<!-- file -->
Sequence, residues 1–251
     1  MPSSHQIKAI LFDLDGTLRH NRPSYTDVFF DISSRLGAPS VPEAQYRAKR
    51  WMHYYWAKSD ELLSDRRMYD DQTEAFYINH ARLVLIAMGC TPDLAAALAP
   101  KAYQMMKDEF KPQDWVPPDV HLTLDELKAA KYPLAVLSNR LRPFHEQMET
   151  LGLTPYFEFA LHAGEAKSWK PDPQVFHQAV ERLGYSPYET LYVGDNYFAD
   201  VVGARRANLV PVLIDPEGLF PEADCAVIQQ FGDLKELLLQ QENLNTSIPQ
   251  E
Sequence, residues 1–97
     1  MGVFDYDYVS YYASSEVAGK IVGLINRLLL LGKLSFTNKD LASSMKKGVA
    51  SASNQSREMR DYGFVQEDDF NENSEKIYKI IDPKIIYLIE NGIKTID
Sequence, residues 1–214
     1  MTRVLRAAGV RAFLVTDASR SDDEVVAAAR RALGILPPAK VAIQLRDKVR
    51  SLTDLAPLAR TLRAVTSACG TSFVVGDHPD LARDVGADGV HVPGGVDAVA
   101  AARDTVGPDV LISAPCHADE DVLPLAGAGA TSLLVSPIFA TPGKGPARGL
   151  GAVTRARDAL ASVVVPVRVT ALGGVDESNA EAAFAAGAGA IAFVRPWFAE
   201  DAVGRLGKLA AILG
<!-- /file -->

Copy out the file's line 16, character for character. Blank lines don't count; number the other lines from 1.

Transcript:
   201  DAVGRLGKLA AILG